I doubt if the evaporator will need changing and never have seen one that did on a conversion. But the dryer-receiver will need to be changed to one with the proper R134A desiccant. In some rare cases the condenser needs to be changed. But very rarely because the original one was borderline in size due to poor engineering. In most cases in an old system, the old hoses can still be used because they have become so saturated with the oil R12 type oil, they don't leak enough of the new R134A to mention. I converted my1963 Ford with factory air conditioning from R12 to R134A and only had to flush out the old lines and compressor with compressed air to blow out all the old oil and then replaced the oil with the R134 type. Replaced the receiver-dryer and recharged with about 7/8th the quantity of the old R12 charge with 134A and it's been working fine for 5 years now with only one can of R134A added last year to make up for the small amount of leakage past the old compressor shaft seal and what little gets through the 46 year old rubber hoses.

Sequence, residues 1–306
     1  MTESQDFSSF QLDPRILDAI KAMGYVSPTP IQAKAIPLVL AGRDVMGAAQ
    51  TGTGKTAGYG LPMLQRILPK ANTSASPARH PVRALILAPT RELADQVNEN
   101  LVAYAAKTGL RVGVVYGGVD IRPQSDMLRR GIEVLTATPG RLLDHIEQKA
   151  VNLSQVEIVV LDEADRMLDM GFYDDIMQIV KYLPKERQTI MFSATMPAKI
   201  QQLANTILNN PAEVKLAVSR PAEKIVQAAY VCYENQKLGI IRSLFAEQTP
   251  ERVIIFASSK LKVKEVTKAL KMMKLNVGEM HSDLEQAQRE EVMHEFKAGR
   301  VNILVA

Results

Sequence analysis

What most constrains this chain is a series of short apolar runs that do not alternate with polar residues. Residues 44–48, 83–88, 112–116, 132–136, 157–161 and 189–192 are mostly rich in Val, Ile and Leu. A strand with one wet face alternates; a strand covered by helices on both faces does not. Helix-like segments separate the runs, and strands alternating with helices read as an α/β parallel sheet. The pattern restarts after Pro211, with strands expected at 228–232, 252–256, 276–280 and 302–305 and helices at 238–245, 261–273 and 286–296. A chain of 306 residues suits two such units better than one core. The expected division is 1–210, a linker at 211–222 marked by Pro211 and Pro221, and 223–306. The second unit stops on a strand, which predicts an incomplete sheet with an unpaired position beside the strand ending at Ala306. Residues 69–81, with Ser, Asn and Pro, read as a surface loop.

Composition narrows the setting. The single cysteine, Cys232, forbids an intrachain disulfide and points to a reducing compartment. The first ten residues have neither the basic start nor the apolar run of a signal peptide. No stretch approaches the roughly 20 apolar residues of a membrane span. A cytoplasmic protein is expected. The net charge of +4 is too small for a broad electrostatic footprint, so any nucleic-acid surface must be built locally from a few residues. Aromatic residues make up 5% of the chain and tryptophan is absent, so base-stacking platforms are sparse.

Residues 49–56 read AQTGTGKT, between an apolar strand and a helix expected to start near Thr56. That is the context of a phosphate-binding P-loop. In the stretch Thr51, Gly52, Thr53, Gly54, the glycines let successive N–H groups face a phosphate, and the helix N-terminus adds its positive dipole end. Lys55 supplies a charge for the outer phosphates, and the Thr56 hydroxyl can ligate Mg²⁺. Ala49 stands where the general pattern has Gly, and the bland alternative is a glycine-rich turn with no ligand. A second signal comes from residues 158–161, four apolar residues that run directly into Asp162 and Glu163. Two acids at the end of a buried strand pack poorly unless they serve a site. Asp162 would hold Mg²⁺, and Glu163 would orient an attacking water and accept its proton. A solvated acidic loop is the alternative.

Like Gene recommends. Take it to an automotive air conditioner specialist if you don't have the special vacuum pump and r134A gauges and knowlege you will need.
 

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Discussion Starter #4
Thanks guys for the info. As I know the evaporator does not need to be changed, but the hoses do need.
BQS4 what exactly do you mean by the orifice? You mean the "choking valve" (if it is said so)?
Aardvaark what do you mean dryer-receiver? What exactly is this?
Thanks once again.
 

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It's my understanding, there's a metering orifice, or choking valve you call it, somewhere in the system. I don't know if this needs to be changed or made sure it's clear, but, a a/c specialist would know.